Author: Buck | 10/9/2012 12:42:24 PM |

Backlashes, Broken Rods and Frayed Nerves

It was back in my days of guiding Toledo bend that this little incident occurred.  It was summer and the Louisiana sun was burning with the ferocity of the seventh depth of Hades.  My clients, two guys from Kentucky, were with me on the second day of a week of fishing.  On the day before we cruised the 1000 Foot [...] Read More »

Author: Buck | 8/9/2012 7:38:36 PM |

Fishing Under The Moon On Ray Hubbard

I will not trouble you with tales of yesteryear, at least for now. Although the moon has been worshiped and cursed through the centuries with tales of Werewolf and Dracula popular themes, it is also the time monster largemouth bass cruise the lake looking for a meal. During the heat of the day, these solitary giants avoid the noise and crowds of [...] Read More »

Author: Buck | 7/4/2012 11:29:42 PM |

Why Fish Used Water? last chapter

By now those of you who have have been reading this series have likely formed an opinion of me! Whether it is favorable or otherwise doesn't disturb me if it has helped you in a small way to perhaps becoming a better bass angler. Some of you have called to ask just what it is that I hope to gain by giving up perhaps some of the most privileged in [...] Read More »

Author: Johnny | 5/8/2012 8:21:25 PM |

Why Fish Used Water? part 2

When I last posted an article on this subject, it could arguable be said that I was picking on bass anglers and tournament anglers in particular. This is not the case at all and if someone took it the wrong way, then I sincerely apologize. What I was alluding to, was the number of bass anglers in high profile bass boats that fish in congested ar [...] Read More »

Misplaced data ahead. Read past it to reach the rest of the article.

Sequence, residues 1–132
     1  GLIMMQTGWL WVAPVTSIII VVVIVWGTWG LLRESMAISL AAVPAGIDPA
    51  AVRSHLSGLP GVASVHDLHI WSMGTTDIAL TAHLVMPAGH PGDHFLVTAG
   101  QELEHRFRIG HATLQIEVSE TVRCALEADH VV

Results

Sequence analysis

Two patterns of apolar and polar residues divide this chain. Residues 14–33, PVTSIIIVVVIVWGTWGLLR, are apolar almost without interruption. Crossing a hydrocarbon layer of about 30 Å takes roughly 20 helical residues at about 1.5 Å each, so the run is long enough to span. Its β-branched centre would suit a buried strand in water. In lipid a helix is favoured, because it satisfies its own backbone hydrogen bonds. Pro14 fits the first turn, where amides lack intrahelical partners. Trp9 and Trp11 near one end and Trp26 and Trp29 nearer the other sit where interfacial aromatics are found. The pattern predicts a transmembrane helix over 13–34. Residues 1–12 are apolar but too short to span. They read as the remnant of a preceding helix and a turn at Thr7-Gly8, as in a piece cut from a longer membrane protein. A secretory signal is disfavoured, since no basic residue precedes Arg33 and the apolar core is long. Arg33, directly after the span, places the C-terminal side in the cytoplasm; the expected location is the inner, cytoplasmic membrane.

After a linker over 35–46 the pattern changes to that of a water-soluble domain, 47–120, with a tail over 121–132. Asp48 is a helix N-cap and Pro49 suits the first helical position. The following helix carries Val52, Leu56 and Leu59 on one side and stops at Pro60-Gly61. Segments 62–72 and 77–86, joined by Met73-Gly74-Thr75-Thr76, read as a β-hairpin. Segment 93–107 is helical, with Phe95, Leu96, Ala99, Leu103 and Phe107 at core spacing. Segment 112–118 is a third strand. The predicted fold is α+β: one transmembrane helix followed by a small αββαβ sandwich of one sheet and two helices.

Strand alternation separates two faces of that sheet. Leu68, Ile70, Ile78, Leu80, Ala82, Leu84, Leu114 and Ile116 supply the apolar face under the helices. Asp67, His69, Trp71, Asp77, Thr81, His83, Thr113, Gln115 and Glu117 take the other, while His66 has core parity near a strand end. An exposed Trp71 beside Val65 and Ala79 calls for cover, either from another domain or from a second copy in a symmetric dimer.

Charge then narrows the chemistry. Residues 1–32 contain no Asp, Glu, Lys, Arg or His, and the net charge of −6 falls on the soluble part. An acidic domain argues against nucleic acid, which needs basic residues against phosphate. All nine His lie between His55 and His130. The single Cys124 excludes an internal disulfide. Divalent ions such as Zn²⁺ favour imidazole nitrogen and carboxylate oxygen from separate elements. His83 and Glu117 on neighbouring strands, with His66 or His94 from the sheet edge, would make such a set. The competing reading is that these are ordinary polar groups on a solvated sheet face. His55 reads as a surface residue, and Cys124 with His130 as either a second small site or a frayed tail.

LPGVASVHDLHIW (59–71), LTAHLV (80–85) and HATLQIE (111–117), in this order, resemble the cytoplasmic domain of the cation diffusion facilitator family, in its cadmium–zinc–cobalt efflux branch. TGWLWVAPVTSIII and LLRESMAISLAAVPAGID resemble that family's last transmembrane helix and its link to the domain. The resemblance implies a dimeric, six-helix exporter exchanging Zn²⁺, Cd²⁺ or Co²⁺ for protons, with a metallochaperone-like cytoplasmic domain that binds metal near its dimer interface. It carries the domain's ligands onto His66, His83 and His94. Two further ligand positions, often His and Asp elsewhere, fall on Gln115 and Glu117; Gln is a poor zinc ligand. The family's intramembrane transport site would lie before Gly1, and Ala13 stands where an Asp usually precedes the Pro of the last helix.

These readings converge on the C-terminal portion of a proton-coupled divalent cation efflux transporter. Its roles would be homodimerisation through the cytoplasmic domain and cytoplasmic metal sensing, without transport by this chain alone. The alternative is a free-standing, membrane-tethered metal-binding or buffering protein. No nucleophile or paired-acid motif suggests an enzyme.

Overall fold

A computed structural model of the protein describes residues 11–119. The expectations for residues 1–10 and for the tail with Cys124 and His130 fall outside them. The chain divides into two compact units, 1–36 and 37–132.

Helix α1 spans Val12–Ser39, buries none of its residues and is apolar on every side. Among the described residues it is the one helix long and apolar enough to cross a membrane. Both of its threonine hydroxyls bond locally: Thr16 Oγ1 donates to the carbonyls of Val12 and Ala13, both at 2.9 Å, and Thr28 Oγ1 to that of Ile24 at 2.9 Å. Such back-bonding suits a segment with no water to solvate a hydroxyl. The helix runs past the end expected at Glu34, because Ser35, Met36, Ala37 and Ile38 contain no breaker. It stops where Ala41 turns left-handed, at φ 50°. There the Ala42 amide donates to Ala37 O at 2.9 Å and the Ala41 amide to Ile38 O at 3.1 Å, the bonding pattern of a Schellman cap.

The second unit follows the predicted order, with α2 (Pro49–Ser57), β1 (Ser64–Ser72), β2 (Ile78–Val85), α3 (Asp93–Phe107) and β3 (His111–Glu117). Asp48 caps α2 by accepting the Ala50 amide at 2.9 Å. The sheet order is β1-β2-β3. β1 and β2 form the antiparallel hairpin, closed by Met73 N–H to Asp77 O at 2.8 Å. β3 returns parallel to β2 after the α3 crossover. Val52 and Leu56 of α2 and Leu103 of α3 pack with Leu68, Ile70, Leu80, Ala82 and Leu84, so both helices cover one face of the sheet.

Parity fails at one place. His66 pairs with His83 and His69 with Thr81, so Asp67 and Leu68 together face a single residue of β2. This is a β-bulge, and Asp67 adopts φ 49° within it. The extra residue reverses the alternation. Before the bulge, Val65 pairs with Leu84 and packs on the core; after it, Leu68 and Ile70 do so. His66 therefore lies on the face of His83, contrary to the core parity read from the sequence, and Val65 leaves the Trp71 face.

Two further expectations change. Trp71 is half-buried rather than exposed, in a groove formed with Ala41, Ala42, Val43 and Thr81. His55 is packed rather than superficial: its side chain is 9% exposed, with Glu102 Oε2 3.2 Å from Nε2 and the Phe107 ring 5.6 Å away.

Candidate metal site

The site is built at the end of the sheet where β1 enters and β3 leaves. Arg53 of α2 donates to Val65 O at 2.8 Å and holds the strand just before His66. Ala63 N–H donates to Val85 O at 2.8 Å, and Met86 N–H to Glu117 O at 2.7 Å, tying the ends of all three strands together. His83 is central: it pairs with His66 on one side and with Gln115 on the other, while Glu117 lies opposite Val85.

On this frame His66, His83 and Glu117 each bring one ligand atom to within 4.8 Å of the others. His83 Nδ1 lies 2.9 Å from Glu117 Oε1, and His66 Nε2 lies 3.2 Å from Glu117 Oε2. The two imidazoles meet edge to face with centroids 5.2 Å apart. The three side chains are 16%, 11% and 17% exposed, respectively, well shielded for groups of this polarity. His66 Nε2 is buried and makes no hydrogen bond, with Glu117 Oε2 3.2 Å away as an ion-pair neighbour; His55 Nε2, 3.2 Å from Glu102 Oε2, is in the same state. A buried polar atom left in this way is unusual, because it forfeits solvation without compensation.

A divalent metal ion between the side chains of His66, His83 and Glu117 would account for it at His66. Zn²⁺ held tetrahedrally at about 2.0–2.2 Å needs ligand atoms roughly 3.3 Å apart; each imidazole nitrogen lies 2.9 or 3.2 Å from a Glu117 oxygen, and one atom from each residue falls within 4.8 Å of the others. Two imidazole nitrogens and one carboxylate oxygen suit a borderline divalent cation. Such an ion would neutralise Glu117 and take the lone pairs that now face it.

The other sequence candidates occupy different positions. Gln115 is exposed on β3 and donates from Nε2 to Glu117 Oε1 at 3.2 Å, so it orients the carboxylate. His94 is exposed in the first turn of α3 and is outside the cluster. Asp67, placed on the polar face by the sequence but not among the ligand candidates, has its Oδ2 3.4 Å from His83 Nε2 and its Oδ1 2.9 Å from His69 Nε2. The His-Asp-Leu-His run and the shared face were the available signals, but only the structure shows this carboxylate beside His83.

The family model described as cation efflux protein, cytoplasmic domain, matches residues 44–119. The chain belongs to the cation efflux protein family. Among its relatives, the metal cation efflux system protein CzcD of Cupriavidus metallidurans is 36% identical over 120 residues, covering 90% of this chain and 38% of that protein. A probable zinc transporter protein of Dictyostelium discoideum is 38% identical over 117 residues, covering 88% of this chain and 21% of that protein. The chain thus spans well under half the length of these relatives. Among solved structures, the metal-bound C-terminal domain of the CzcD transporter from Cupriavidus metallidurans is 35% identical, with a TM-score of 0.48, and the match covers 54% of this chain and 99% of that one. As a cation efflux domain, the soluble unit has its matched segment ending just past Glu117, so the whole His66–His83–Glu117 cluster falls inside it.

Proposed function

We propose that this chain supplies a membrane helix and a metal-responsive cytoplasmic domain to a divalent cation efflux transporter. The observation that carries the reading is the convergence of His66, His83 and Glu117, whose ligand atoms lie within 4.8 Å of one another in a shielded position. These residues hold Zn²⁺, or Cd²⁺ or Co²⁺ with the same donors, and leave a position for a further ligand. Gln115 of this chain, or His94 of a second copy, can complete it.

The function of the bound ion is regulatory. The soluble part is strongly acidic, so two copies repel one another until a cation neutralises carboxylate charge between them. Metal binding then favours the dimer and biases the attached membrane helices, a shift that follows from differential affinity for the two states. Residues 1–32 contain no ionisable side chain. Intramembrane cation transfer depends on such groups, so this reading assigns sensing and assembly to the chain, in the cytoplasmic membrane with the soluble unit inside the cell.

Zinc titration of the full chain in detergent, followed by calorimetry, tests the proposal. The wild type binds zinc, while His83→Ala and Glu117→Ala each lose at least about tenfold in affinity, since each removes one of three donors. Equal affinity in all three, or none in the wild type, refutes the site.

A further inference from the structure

Author: Johnny | 4/16/2012 9:56:06 AM |

Why fish Used Water?

A few weeks back a major bass tournament was held on Lake Ray Hubbard. From my observation perch at the fish cleaning table I had a chance to watch some of the boat traffic that passed within twenty feet of where I was cleaning fish, so I could see and hear the occupants of the bass boats and the fishermen in them very well. On this day I had two [...] Read More »

Author: Buck | 4/9/2012 1:26:44 PM |

Spawning time at Lake Ray Hubbard

The up-coming three weeks is the most likely best time for the average angler to get even with the smug pro fisherman. We all know the ones. Seems as though every week these individuals somehow manage to catch huge bass. You may substitute large crappie, sandbass, hybrids, stripers, and/or catfish. It just does not seem to matter, these same a [...] Read More »

Author: Johnny | 3/19/2012 3:25:12 PM |

Should This Technique Be Banned For Spawning Black Bass?

As I promised in an earlier article I will reveal some of my secret methods for catching black baas, sandbass and hybrid stripers. This article is about black bass, so news of the other fish will have to wait. As I related earlier, I do not claim to be the best fisherman in the country. I have made part of my living by putting clients on fish in [...] Read More »

Author: Johnny | 3/15/2012 7:38:23 PM |